A Theory on Mind-Reading

Ever hear guys complain that their wives expect them to be mind-readers? Of course you have, it’s not exactly uncommon. By why would such an absurd complaint be so commonplace? It’s not as though any woman really thinks she’s married to Professor X. I believe a large part of the answer has to do with a conflict between God’s design and the expectations of a feminist society.

God created men and women to compliment one another in marriage, and part of that creation was to make the husband the head of the wife just as Christ is head of the Church. As controversial as that is in 21st century America, we can still observe the reality of it. The fact is, women really do expect men to lead–to the point that they generally find men who are unable or unwilling to take the initiative fundamentally unattractive. This isn’t any kind of conscious choice but an instinctive reaction rooted in her God-given design.

But our feminist culture says exactly the opposite–that a woman should never be in a position of submission to a man and that initiative is domineering. The different ways in which this is drilled into men and women alike are more numerous than the sands on the seashore. So even for godly women, it’s a struggle to really accept God’s teaching on the subject; and far more common in our churches are women who struggle to find ways to reject the teaching instead. The result is that most American women think that submission is not only unnecessary, but actually immoral–an utter rejection of how they’ve been taught to behave.  As a result, many wives are in a position where her instinct requires her husband to lead but her will & intellect simultaneously refuse to submit.

You might be asking how that could possibly work, and the answer is “not very well.” While people can believe contradictions, contradictions can’t actually exist. So wives in this situation are inexorably drawn into various attempts to distort both instinct and belief until they can be made to fit. One of the most common of these is to expect her husband to lead and take the initiative–but only in exactly the way she wants him to. That way, she can get what her instincts demand without actually having to submit to anything at all.

Naturally, that’s a pretty tenuous arrangement, and one has to be very careful not to break the illusion. On one hand, she can never actually tell her husband what she wants–even if he specifically asks her. Neither can she ask him for it. At the end of the day, most husbands actually want to make their wives happy. Being providers by nature, if our wives ask for something, we’ll usually go out of our way to try and provide it. But if she tells him what she wants before he does it for her, then her instinct is no longer satisfied–he’s following instead of leading.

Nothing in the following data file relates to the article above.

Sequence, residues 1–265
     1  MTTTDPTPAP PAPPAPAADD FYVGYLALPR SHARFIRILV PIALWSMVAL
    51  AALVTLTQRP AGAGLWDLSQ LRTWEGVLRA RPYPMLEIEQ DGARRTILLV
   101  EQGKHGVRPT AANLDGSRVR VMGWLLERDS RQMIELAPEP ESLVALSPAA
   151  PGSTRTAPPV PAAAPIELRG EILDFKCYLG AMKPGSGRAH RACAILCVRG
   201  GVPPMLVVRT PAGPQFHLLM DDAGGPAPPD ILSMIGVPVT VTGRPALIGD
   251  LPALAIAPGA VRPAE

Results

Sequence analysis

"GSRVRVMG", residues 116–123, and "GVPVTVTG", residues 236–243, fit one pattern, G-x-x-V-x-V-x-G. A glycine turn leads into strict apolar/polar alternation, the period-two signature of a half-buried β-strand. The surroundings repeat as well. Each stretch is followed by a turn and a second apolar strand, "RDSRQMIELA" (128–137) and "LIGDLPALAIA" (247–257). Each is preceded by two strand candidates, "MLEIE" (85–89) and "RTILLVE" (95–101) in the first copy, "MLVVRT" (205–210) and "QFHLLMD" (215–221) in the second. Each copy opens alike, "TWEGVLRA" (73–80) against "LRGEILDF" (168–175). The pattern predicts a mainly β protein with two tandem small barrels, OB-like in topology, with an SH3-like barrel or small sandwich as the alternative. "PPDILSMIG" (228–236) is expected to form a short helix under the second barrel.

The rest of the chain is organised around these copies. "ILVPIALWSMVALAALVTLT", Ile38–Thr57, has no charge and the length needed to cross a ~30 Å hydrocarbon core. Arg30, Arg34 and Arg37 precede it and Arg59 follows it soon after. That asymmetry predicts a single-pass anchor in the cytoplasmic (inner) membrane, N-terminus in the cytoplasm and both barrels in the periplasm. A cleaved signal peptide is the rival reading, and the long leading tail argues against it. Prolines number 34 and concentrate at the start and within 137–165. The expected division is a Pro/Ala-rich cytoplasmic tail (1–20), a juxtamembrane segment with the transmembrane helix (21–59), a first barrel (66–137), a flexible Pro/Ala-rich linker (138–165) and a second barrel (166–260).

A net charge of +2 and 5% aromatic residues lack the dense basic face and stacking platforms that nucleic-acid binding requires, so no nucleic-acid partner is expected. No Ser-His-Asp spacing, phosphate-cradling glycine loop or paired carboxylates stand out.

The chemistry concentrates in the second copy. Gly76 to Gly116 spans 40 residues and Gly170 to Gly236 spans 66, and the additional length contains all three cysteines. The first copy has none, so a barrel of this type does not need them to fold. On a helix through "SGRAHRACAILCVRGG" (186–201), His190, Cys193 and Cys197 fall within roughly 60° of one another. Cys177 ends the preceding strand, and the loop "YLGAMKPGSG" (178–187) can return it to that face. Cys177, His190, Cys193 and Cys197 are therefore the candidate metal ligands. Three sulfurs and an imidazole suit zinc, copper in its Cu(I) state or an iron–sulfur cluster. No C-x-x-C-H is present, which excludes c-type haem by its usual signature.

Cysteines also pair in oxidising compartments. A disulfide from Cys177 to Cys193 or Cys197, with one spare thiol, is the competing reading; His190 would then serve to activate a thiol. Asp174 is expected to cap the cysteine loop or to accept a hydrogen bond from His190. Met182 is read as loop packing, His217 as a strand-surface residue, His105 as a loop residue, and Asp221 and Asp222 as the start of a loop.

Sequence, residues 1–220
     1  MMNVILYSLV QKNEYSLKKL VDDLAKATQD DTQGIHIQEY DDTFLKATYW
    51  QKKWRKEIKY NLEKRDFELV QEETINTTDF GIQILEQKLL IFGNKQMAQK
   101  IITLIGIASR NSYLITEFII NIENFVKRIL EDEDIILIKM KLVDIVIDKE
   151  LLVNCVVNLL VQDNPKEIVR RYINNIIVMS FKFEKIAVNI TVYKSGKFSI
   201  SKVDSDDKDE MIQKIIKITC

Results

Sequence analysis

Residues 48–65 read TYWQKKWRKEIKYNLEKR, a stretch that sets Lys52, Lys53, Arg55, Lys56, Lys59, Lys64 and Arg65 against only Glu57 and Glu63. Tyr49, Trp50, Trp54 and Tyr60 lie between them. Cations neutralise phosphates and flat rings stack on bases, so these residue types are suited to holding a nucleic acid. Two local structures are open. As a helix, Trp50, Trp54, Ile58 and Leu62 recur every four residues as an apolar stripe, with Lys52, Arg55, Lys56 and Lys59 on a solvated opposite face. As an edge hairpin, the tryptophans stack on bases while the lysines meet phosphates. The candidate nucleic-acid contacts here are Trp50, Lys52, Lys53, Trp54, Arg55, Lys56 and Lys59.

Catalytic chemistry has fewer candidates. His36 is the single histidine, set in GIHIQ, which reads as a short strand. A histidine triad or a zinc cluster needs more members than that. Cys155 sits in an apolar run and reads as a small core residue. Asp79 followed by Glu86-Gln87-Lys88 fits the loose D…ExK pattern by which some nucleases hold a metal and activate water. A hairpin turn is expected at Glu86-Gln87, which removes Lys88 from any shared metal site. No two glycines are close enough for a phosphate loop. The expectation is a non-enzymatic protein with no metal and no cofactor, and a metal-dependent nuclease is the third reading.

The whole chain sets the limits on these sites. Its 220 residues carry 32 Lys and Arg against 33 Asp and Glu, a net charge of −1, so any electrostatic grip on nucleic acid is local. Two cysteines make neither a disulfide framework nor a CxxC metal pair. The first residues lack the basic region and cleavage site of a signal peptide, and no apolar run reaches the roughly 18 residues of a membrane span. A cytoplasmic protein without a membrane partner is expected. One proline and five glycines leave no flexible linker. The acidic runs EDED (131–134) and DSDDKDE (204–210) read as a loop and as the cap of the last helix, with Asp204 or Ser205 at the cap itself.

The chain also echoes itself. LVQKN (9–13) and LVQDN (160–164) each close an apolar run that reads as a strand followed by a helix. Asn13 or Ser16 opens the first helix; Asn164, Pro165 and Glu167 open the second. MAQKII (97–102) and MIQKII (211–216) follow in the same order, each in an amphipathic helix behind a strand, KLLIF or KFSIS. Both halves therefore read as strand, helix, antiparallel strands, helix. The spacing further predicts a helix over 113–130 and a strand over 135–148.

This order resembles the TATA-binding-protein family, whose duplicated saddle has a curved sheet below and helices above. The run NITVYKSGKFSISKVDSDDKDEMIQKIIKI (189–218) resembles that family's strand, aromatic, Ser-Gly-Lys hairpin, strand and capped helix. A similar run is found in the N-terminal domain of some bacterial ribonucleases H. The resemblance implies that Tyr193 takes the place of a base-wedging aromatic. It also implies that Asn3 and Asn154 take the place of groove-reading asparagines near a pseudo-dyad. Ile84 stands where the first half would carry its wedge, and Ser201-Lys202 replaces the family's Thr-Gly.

On the other hand, she can never accept what her husband provides unless it either matches or exceeds her expectations. If he takes the initiative in a way she doesn’t immediately approve of, then acknowledging his leadership would require actual submission. When that happens, her offense is doubled. Not only did she not get what she wanted, but everything she’s been taught tells her that initiative of this kind is an assault on her very sense of self. It’s only natural that she would react according to her offense and get upset.

If she deeply commits to this endeavor, a vicious cycle of misery begins. The husband knows something is wrong and tries to figure out what because he cares about her. But the more he tries to coax an answer out of her, the angrier she gets. After all, the closer she gets to actually telling him, the more it feels like he’s failing to lead, and the more she’s tempted to double-down on her strategy. When she does answer, she does so with spite and contempt.  What’s more, Because her bent instincts are demanding that she ask for nothing, she begins to believe that she shouldn’t have to ask for anything in the first place. As this sense of entitlement grows, she grows more resentful at her husband’s failure to understand what she wants. This deepens the offense she feels when he leads “wrongly,” which tempts him to try harder to figure out the problem, and the cycle grows worse.

But what would this cycle look like from the husband’s point of view? Well, he’s not an idiot. He knows that his wife wants things that he isn’t giving her. He also knows that she knows what these things are and refuses to tell him, but expects them all the same. In other words, it seems like she’s expecting him to be a mind-reader. And it fits quite a few cliches–from the whole “What’s wrong? / NOTHING!” dialogue to cyclical arguments about where to go to dinner.

So what can be done about it? Well, a husband in this situation can stop feeding the cycle by constantly trying to figure out what his wife wants. That’s not going to erase her existing sense of entitlement, but it can at least inhibit the growth of resentment on both sides. The key, however, lies with the wife. If she can, as the Apostle Peter instructs, resist her fear and submit to her husband, then she can halt this cycle dead in its tracks. The more she does this, the more she can perceive his leadership & provision as a gift rather than an entitlement. What’s more, she also frees herself to be more open with him about her own feelings and desires without nagging and backbiting, so that he can welcome her input instead of learning to dread it.  Rather than a cycle of misery and entitlement, she can create a cycle of gift and gratitude–and that’s a far better way to live for both spouses.

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One Response to A Theory on Mind-Reading

  1. drifter says:

    Brilliant.

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